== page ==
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    Hello, I'm a newbee too. Could someone please tell me what a Resilient Channel is? Thanks...
     
  9. KenA

    KenA Stunt Coordinator

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    Its a metal channel that seperates the drywall from the lumber. Check this out.
     
  10. Colin Goddard

    Colin Goddard Stunt Coordinator

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    Just one thing to keep in mind if you do go with a drywall ceiling in your basement. Will you ever, ever, need access to anything up above in the floor joist such as plumbing or HVAC?

    If your answer is "no" to that question and you do go with a drywall ceiling, then don't forget now is a good time to install speaker wires for your surrounds. Even xtra wire for future rear channels.
     
  11. Colin Goddard

    Colin Goddard Stunt Coordinator

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    Just one thing to keep in mind if you do go with a drywall ceiling in your basement. Will you ever, ever, need access to anything up above in the floor joist such as plumbing or HVAC?

    If your answer is "no" to that question and you do go with a drywall ceiling, then don't forget now is a good time to install speaker wires for your surrounds. Even xtra wire for future rear channels.
     
  12. Rob Michaw

    Rob Michaw Stunt Coordinator

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    I think I have made my mind up (at least as of today). I think I am going to do a drop ceiling. My main concern is having a quiet second floor when watching and listening late at night and good in-room acoustics. I am going to put up a solid core door and I should be fine for sound containment(I have a suspended ceiling now with no insulation or drywall now and I listen at -10 dB and I don't wake anyone). I was worried that this newer house is a little more open, but I think the insulation should help alot. I am not sure if the insulation AND drywall is needed, but I am not against that step. But this way, I can bring my electrical lower than the drywall for future work, and I can also run wires and speakers into the EX position (which I currently have). Any other suggestions or points I may have missed?

    Thanks.
     
  13. Rob Michaw

    Rob Michaw Stunt Coordinator

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    I think I have made my mind up (at least as of today). I think I am going to do a drop ceiling. My main concern is having a quiet second floor when watching and listening late at night and good in-room acoustics. I am going to put up a solid core door and I should be fine for sound containment(I have a suspended ceiling now with no insulation or drywall now and I listen at -10 dB and I don't wake anyone). I was worried that this newer house is a little more open, but I think the insulation should help alot. I am not sure if the insulation AND drywall is needed, but I am not against that step. But this way, I can bring my electrical lower than the drywall for future work, and I can also run wires and speakers into the EX position (which I currently have). Any other suggestions or points I may have missed?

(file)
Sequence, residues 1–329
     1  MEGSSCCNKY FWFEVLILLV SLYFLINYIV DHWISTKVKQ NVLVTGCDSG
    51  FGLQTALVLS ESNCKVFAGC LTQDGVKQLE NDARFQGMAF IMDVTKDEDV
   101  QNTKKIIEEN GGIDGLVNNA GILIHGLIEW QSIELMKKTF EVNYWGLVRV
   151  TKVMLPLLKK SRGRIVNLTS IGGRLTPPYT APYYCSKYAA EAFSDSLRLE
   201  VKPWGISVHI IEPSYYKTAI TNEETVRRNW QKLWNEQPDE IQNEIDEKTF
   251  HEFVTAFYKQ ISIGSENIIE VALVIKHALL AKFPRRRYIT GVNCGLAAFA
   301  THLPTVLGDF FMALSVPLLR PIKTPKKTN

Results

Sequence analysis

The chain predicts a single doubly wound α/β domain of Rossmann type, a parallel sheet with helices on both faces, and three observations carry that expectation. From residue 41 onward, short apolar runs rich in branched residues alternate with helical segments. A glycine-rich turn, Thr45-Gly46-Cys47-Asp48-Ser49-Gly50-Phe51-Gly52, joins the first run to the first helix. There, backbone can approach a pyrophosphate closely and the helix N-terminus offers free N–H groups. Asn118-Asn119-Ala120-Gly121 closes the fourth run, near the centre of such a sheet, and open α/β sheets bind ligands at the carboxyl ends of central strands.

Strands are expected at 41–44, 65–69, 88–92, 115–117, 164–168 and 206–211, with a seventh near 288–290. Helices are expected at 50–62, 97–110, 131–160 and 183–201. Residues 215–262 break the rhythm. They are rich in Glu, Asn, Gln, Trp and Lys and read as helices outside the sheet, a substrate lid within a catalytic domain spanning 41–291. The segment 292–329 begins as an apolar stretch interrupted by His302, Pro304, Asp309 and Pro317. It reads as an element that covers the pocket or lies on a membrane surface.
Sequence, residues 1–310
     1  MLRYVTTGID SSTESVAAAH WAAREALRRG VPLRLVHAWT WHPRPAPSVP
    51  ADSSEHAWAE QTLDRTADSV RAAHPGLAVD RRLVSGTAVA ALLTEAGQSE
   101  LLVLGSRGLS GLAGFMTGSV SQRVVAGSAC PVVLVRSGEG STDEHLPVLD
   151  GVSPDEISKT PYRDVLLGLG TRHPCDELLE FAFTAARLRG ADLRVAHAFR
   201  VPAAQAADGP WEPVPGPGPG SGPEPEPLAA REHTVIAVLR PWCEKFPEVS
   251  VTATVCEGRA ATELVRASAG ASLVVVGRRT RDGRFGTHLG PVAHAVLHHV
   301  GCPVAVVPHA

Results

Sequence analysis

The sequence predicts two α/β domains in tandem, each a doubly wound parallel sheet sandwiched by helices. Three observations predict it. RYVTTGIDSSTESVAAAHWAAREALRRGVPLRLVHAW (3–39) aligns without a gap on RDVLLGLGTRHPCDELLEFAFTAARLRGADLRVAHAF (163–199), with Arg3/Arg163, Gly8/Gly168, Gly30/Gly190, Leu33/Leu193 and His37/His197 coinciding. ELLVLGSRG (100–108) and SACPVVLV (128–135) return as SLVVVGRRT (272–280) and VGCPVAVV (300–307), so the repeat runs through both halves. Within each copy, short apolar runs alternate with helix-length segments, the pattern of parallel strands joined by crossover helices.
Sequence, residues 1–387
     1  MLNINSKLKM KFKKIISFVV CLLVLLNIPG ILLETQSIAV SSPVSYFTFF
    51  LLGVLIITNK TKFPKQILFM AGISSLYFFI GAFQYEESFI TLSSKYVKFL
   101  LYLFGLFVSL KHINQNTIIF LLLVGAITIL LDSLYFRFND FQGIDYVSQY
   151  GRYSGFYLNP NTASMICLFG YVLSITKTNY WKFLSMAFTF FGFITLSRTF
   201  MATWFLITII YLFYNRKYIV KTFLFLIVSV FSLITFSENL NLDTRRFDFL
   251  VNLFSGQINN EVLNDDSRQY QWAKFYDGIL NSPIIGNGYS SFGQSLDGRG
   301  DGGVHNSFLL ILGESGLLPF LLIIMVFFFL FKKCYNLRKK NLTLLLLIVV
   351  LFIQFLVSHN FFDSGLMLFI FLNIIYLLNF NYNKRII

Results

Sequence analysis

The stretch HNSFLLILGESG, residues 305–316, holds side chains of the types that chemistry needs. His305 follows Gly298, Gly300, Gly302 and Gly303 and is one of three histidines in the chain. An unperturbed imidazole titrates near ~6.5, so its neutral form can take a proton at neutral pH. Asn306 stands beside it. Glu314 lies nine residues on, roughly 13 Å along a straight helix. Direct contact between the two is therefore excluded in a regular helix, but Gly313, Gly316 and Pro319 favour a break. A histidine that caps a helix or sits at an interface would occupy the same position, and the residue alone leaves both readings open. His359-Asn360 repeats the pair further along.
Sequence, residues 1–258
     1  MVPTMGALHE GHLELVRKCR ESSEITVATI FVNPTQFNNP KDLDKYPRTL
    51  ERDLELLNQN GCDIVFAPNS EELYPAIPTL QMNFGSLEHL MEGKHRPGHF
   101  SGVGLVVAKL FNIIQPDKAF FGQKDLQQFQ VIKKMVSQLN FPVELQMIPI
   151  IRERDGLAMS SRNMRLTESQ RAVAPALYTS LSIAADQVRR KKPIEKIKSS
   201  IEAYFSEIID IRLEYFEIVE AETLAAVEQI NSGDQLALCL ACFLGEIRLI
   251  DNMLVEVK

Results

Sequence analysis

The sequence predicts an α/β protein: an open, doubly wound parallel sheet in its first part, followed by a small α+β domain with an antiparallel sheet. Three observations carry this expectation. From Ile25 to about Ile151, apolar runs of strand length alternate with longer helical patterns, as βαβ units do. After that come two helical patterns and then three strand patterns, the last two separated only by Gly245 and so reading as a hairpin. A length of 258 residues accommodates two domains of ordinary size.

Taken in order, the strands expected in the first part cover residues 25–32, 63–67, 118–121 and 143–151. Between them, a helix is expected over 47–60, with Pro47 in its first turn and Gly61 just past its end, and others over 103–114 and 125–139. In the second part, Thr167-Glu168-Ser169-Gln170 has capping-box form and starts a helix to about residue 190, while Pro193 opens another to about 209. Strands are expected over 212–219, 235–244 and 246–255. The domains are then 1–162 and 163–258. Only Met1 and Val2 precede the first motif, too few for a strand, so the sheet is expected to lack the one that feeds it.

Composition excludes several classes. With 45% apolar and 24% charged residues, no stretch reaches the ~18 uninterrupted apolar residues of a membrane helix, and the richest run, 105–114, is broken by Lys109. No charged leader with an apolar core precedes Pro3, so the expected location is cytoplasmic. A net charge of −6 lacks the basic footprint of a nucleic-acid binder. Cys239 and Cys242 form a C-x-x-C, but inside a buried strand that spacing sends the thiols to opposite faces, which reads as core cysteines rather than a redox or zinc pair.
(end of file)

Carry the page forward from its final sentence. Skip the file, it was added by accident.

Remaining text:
Thanks.
     
  14. ChrisWiggles

    ChrisWiggles Producer

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    Rob, know that putting in a drop-in cieling and insulation won't really make much of a difference in preventing sound from getting upstairs. If it's good as it is, then that's ok, but if you are looking at improving things, you need a good ceiling structure; drop-ceiling tiles and insulation won't really do squat for bass, it'll cut right through as it likely does now.
     
  15. ChrisWiggles

    ChrisWiggles Producer

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    Rob, know that putting in a drop-in cieling and insulation won't really make much of a difference in preventing sound from getting upstairs. If it's good as it is, then that's ok, but if you are looking at improving things, you need a good ceiling structure; drop-ceiling tiles and insulation won't really do squat for bass, it'll cut right through as it likely does now.
     
  16. Ethan Winer

    Ethan Winer Stunt Coordinator

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    Rob,

    > My main concern is having a quiet second floor when watching and listening late at night and good in-room acoustics. <

    Unfortunately, those are mutually exclusive. Or at least opposing. Construction that increases isolation - making the walls and ceiling massive and rigid - makes the low frequency response in the room worse. You can have your cake and eat it too, but it's more expensive and/or labor intensive.